I can't remember a time when reading wasn't central to my life. I know without a doubt that my library card was the childhood object that most influenced who I am today. Throughout high school I had an after-school job at my hometown public library--a reader's dream job--which happily encouraged my compulsive and indiscriminate reading. I tackled everything from juvenile mysteries (the Nancy Drew series) to literary fiction I was too young and unsophisticated to understand (Philip Roth's When She Was Good).
I owe a huge debt to reading. Like many readers have said before me, books opened the world to me--a good thing, since my small-town, small-life world was pretty limited. Books were the peephole through which I saw what was possible. Even better, after a while, I saw that the possibilities were there not just for other people, but for me.
One legacy of reading, though, wasn't as positive. When I left home for college and my life started expanding, I confused the world I was entering for the world inside the books I'd been reading. I looked at the situations and relationships I was in as stories in a book. Sometimes, in my journal (I called it a "diary" then), I even plotted the dialogue in advance: what I would say, how the other person would respond, what the outcome of our conversation would be.
Eventually, it dawned on me that since no one responded the way I assumed they would, and things rarely turned out as I expected, the literary model might not be the way to go. But I can see the draw of this approach. A world viewed through a literary lens has structure and predictability: lives have chapters; stories have beginnings, middles and endings; motifs foreshadow things to come; and characters have small epiphanies and big aha! moments.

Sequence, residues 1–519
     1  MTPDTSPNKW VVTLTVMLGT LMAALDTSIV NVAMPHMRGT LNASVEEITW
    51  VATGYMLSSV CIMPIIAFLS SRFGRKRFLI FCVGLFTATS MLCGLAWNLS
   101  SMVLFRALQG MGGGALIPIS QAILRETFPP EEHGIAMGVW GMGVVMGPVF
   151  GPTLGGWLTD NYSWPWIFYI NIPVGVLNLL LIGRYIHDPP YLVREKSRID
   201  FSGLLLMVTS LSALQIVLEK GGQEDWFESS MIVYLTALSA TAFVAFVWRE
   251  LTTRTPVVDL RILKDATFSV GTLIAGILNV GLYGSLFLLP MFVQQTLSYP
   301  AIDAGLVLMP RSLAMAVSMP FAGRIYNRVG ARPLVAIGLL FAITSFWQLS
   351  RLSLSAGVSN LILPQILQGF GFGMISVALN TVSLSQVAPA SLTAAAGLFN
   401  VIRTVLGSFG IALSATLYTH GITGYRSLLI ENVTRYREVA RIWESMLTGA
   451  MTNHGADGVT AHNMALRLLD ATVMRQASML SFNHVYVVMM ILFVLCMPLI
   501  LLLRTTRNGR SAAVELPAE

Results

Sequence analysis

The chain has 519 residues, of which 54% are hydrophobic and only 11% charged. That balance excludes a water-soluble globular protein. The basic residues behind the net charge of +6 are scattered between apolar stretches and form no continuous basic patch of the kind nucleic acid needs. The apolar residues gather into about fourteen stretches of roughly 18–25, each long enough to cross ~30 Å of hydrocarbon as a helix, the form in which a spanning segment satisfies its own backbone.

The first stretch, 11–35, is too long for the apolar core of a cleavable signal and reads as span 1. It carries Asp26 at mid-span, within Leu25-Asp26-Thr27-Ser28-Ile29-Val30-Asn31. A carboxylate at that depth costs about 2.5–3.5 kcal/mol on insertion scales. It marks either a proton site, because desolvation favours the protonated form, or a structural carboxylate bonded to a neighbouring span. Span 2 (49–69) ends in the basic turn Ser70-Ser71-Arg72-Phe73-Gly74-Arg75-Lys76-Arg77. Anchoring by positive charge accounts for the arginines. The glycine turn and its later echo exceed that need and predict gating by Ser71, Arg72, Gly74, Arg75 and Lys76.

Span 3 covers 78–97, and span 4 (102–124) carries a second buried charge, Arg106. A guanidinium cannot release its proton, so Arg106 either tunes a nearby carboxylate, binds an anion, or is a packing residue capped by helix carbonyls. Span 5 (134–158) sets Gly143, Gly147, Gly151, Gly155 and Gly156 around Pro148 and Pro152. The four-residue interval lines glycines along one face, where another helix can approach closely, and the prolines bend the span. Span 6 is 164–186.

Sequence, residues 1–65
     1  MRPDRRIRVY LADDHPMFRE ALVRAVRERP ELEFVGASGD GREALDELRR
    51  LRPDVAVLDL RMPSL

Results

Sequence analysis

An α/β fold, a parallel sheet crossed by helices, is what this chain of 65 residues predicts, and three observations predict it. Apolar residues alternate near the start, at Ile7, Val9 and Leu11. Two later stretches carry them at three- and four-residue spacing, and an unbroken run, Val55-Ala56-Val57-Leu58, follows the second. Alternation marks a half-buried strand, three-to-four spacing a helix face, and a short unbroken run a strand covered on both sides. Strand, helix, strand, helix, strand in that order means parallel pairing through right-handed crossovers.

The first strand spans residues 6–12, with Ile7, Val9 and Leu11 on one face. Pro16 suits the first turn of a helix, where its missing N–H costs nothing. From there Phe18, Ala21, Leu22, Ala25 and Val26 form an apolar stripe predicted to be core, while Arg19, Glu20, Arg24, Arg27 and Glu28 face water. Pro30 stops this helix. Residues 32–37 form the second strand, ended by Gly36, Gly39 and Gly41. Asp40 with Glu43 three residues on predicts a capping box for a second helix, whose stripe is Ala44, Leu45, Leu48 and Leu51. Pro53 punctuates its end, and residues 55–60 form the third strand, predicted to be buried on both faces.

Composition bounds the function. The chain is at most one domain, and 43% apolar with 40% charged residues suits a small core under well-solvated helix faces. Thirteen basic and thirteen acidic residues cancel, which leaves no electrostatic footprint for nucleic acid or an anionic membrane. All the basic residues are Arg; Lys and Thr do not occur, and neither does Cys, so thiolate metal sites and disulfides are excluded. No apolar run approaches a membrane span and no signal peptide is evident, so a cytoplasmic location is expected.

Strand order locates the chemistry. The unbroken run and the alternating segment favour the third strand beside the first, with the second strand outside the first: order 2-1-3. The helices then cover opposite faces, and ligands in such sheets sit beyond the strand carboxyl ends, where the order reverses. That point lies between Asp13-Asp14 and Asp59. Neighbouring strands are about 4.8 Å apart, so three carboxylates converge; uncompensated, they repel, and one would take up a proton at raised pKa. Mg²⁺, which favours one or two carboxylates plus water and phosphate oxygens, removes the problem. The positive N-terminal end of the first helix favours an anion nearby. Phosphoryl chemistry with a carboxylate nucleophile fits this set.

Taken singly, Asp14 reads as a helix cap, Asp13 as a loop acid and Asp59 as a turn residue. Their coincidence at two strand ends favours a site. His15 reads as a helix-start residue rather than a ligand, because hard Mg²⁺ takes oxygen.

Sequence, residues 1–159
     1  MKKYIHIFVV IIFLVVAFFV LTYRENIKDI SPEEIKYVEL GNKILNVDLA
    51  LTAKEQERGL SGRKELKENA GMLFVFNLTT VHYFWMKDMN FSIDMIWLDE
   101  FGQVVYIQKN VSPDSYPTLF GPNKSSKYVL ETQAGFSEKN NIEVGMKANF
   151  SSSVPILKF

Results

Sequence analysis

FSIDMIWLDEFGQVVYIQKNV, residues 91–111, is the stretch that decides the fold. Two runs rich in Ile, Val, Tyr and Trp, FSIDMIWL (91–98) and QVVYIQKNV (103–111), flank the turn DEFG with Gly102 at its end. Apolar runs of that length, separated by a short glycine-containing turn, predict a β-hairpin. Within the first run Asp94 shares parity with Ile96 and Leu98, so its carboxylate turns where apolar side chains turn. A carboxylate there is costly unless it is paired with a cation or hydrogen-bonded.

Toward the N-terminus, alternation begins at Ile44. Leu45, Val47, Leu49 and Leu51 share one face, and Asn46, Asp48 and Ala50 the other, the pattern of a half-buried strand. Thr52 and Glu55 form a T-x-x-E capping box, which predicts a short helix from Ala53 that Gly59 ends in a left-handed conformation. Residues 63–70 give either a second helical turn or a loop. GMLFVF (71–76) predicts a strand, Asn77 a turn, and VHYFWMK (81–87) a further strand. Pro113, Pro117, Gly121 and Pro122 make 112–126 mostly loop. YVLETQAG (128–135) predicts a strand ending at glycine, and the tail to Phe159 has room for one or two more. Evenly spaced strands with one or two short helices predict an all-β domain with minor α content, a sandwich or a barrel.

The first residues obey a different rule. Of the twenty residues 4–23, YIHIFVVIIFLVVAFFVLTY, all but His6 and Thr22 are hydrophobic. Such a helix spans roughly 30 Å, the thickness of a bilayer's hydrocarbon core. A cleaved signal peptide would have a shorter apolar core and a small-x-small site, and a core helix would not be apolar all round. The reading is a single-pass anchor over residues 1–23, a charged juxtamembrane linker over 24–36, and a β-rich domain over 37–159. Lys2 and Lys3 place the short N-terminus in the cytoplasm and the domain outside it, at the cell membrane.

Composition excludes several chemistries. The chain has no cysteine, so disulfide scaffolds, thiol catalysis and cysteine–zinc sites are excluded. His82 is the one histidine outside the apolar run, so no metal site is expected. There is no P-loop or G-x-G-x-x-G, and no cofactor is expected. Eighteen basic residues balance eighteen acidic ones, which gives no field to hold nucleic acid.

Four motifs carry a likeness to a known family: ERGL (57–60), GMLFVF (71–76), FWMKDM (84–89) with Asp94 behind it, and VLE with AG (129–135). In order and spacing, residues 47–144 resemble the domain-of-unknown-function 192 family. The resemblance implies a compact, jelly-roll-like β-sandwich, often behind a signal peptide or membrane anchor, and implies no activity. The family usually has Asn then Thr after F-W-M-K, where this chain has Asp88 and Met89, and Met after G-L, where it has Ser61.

A novel's heroine might face challenges; she might have the wrong information and act badly as a result; she might be confused and even despondent. But as readers, we knew that it was only a matter of time before she'd have that decisive, defining moment of clarity, the one that would alter her attitude or course of action. Order would be restored and ALL WOULD BE WELL. Even when things didn't turn out as she (or we) had hoped, we knew that the insight she'd gained in that defining moment had changed her, irrevocably, for the better.
It's a pretty comforting scenario. Even when there's not a happy ending, there's a "happier" ending (a wiser protagonist). Unfortunately, our lives don't usually play out that way. But you already knew that.
It's lovely to think that if we live our lives with good intentions, not only will we see "important" moments coming up, but light bulbs will appear, glowing, over our heads, maybe accompanied by trumpets. ALL WILL BECOME CLEAR. We'll know what to do, and we'll do it.
When I look back over the last decade of my life, I don't remember any light bulbs or trumpets. Yes, I made big changes. My decision to leave my corporate job, for instance, was a major step, but "clarity" was nowhere near what I felt at the time.
In fact, I think I was able to make the choices I did because I'd stopped believing in those big "defining moments." I'd had a glimmer of recognition that it was the the small moments of my day-to-day life that deserved my attention.
I've come to see that it's in dailiness that our lives happen, and that it's usually quiet there (no trumpets, alas). How we live day-to-day in the world can reveal life's richness or leave us wondering why it's passed us by. I can wait for aha! moments or I can choose to savor the raspberries in my morning cereal, give my complete attention to my friend when we meet for tea downtown, and welcome the stretch in my hamstrings when I bend forward in yoga class.
It's when I participate fully in these moments that I feel most like myself, the self that's just right exactly where she is doing exactly what she's doing. This is when I see most clearly that the subtle currents linking these moments are, in fact, the true narrative of my life. I'll always love reading, but I know the artificial tidiness of fiction is no comparison to the real stuff.
Image by murphyeppoon from Flickr, under a Creative Commons License.